Multilingualism brings communities closer together

Feb 10, 2009

Learning their community language outside the home enhances minority ethnic children's development, according to research led from the University of Birmingham. The research, which was funded by the Economic and Social Research Council, found that attending language classes at complementary schools has a positive impact on students.

Complementary schools provide out-of-school-hours community language learning for children and young people from minority groups. They aim to develop students' multilingualism, strengthen the link between home and the community, and connect them with wider social networks. The study found that the parents believed that bilingualism had economic benefits for their children as it improved their chances of success in the global jobs market.

According to Angela Creese, Professor of Educational Linguistics, who led the research, there is a growing interest in complementary schools because they are unique, offering students the opportunity to develop their verbal and written language skills across a variety of languages 'It is rare to find an environment where two or more languages are used in teaching and learning,' she explains. 'Teachers and young people move between languages, and our findings show that the children are proud of their flexible language skills. One Turkish boy told us he was learning four languages and loved being able to show off to his friends.'

The research builds on an earlier study of complementary schools in Leicester that found significant evidence of the value of these schools. Consisting of linked case studies of schools serving four of Britain's linguistic minority communities, the study focused on Bengali schools in Birmingham, Chinese schools in Manchester, Gujarati schools in Leicester, and Turkish schools in London. It explored the social, cultural and linguistic significance of these schools in their communities and in wider society.

The findings highlight the general view among minority communities that children need to study language, heritage and culture at school rather than in isolation at home. A Chinese parent told the researchers that children who were taught by private tutors had a limited experience: 'They need to learn with other kids, to see how other children learn, their attitudes and so on. Then they can decide for themselves what kind of person they should be.'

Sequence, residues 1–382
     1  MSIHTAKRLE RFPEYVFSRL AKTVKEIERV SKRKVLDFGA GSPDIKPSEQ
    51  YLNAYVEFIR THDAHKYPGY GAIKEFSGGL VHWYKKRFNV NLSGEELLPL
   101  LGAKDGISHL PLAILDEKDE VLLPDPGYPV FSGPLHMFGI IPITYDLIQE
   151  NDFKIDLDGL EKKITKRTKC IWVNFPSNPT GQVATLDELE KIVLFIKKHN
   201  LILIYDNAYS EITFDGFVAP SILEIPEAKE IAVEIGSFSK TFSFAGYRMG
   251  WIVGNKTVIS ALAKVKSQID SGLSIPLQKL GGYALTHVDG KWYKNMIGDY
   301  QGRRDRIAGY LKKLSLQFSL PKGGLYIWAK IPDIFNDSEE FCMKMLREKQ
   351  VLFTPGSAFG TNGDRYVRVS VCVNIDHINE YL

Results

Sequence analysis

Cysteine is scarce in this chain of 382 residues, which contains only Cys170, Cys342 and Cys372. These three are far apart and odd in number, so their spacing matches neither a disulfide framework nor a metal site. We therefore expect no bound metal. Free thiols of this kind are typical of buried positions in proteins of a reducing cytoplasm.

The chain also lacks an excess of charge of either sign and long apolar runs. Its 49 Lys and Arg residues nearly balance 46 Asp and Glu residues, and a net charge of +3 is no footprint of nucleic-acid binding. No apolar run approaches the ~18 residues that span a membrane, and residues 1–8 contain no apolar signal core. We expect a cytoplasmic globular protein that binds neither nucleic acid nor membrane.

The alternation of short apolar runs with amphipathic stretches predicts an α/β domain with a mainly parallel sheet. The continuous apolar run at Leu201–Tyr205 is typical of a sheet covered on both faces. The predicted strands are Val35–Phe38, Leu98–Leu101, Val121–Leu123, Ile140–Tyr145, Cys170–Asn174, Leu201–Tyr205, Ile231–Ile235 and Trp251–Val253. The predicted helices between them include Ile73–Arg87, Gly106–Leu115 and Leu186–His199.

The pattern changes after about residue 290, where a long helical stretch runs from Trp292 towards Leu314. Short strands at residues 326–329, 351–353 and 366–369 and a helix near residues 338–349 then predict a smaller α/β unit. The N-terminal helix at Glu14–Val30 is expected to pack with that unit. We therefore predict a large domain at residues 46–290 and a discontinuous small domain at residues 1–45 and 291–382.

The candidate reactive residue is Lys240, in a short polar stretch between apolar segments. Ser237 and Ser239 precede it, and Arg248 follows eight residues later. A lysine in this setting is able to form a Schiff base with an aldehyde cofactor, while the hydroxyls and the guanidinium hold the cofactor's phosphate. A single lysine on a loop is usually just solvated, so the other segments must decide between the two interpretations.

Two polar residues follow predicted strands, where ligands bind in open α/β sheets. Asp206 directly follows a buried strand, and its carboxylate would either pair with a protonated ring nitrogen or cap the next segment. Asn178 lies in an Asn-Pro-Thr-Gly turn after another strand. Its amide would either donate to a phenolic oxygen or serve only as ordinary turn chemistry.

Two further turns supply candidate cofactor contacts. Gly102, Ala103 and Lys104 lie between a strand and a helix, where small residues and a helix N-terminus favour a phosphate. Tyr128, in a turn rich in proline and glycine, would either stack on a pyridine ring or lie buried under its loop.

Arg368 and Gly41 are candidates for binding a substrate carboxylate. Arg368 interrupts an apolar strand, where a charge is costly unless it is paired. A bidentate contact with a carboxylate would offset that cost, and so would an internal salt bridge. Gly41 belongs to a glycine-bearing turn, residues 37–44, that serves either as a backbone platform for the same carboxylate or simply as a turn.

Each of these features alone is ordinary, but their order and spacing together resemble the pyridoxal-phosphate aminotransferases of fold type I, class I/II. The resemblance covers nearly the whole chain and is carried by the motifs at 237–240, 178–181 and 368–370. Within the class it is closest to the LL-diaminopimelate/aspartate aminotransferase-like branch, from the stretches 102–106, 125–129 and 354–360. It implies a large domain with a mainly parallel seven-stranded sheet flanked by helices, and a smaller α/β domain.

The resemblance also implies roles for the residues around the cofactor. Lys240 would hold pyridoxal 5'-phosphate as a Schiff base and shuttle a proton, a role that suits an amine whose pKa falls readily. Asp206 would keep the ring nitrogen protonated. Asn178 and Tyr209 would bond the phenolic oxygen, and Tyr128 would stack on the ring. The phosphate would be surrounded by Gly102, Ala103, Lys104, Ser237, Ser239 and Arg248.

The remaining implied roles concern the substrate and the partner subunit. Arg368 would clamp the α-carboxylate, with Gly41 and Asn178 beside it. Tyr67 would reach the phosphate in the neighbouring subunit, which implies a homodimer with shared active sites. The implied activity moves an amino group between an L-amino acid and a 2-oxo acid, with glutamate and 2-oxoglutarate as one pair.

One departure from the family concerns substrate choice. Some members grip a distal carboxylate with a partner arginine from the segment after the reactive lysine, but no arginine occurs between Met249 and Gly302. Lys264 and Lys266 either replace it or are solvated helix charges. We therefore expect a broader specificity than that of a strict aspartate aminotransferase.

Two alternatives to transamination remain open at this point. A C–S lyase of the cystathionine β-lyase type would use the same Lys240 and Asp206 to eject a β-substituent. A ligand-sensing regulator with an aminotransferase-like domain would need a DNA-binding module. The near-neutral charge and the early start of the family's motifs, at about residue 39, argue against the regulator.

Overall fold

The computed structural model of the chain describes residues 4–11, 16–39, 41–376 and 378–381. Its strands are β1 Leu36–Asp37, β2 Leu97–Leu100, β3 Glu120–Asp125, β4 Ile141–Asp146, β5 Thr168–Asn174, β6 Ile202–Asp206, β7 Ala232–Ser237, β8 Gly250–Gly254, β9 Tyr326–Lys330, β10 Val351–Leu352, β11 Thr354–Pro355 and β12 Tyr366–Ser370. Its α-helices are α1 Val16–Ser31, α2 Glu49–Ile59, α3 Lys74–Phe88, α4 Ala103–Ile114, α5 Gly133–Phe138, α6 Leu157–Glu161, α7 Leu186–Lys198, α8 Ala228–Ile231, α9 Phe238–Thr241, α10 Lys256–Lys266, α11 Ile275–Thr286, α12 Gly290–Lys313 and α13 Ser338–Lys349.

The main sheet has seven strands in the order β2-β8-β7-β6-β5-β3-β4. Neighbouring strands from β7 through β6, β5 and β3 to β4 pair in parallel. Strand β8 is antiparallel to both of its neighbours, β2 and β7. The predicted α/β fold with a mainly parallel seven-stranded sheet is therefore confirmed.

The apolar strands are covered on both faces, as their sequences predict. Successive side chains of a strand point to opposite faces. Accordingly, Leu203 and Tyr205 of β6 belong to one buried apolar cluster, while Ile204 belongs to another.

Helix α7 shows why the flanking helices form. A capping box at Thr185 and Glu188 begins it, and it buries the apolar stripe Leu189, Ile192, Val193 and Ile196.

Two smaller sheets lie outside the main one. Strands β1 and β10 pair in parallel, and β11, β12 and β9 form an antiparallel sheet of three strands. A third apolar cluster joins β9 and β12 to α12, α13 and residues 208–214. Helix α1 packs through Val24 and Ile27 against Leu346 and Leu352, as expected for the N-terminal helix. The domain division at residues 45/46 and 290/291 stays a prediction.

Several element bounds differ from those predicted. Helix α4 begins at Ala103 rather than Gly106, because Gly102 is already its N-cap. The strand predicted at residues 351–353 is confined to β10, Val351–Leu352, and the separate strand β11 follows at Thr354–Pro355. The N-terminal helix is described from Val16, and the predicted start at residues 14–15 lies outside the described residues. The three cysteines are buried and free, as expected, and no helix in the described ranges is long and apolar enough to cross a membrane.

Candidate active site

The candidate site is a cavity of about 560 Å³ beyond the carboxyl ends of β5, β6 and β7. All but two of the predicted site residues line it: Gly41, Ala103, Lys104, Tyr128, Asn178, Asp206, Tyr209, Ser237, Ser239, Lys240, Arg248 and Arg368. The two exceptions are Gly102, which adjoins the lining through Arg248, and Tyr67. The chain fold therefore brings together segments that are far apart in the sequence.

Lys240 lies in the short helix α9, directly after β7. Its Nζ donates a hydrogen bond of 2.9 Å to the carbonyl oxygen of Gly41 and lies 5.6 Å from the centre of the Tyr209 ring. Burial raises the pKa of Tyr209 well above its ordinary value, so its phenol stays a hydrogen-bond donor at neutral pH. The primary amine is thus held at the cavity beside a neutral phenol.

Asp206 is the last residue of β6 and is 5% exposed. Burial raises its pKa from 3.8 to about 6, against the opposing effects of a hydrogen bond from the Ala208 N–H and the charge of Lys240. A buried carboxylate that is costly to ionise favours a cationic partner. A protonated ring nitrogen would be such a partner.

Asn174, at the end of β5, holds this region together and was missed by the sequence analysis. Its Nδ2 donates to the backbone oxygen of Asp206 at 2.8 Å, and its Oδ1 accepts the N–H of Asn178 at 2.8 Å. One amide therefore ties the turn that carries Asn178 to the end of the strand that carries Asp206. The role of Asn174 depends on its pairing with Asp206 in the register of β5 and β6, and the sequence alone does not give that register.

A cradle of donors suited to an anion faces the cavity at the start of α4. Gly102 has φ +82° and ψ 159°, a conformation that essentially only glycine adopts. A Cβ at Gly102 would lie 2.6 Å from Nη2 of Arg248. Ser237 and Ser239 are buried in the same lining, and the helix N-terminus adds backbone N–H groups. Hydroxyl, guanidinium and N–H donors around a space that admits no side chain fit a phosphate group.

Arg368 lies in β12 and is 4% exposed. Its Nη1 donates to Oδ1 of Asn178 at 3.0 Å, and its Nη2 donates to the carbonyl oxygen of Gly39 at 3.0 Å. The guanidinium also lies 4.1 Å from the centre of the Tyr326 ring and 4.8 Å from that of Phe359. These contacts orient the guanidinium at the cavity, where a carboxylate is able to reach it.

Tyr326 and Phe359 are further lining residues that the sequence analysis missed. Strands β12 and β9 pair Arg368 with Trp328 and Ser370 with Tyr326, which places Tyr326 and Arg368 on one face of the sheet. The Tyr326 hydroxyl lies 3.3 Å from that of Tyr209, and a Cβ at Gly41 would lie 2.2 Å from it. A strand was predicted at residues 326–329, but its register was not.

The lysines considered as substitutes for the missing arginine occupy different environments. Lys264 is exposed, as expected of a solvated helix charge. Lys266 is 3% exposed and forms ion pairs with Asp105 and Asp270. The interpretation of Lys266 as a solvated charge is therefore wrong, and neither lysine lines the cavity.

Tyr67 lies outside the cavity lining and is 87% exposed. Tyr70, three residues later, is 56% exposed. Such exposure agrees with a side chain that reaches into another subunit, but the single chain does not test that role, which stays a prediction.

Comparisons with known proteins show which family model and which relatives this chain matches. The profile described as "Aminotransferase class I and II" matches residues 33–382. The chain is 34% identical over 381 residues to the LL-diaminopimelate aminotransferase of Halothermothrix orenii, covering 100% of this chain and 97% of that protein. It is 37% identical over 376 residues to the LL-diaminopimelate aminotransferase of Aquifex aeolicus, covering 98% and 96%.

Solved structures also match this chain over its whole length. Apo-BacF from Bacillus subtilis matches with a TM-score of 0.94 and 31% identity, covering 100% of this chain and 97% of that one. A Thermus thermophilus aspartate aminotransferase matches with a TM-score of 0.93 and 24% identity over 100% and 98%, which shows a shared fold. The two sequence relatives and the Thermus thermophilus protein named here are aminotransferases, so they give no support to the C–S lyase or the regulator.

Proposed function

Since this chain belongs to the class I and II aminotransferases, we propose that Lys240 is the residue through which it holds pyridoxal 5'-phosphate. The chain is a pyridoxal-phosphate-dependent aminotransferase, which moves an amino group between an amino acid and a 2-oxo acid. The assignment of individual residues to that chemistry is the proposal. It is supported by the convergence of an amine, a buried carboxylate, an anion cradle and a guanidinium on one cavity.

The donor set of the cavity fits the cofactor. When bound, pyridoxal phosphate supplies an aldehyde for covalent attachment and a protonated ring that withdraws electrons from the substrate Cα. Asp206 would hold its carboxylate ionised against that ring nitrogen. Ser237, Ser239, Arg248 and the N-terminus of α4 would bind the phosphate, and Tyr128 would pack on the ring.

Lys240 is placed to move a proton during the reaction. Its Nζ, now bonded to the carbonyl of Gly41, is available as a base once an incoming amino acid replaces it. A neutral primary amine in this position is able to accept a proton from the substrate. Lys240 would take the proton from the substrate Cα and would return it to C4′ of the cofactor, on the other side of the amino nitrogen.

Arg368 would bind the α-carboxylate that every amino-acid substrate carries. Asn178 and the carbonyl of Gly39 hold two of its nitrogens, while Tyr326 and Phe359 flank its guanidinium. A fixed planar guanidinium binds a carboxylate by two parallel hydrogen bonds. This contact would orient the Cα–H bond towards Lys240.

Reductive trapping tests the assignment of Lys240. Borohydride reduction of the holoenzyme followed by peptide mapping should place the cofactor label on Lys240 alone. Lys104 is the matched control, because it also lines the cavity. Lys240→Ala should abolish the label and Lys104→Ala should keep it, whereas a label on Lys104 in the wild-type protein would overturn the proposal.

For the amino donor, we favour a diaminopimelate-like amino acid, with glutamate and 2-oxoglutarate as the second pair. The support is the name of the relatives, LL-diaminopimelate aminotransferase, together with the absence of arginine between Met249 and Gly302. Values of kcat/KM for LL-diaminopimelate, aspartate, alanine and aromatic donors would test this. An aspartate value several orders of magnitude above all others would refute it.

Source: Economic & Social Research Council

Explore further: Best of Last Week – First map of hidden universe, pursuit of compact fusion and new clues about the causes of depression

add to favorites email to friend print save as pdf

Related Stories

When parasites catch viruses

Nov 07, 2012

When humans have parasites, the organisms live in our bodies, co-opt our resources and cause disease. However, it turns out that parasites themselves can have their own co-habitants.

Connoisseur of chaos

Aug 29, 2012

As a high school student in a Detroit suburb in the 1990s, Russ Tedrake did not fit the standard profile of a future computer science professor. Although he had a talent for math—"I won some of the little ...

Recommended for you

US company sells out of Ebola toys

Oct 17, 2014

They might look tasteless, but satisfied customers dub them cute and adorable. Ebola-themed toys have proved such a hit that one US-based company has sold out.

Social trust eroded in Chinese product-tampering incident

Oct 14, 2014

For about a decade, Chinese consumers weren't getting what they paid for when they purchased Wuchang, a special brand of gourmet rice that has a peculiar scent. The quality was being diluted when less expensive rice was aromatized, ...

The 2014 Nobel Prizes at a glance

Oct 13, 2014

(AP)—All winners of the 2014 Nobel Prizes have now been announced, starting with the medicine award a week ago and ending with the economics prize on Monday.

User comments : 2

Adjust slider to filter visible comments by rank

Display comments: newest first

frajo
1 / 5 (1) Feb 10, 2009
Akrivos etsi einai. :)
Genau, so ist es. :)
This is true not only for local minority communities. On a global scale, we all are members of minority communities.
dirk_bruere
not rated yet Feb 10, 2009
And anyone who does not speak English, the global language, is at a disadvantage.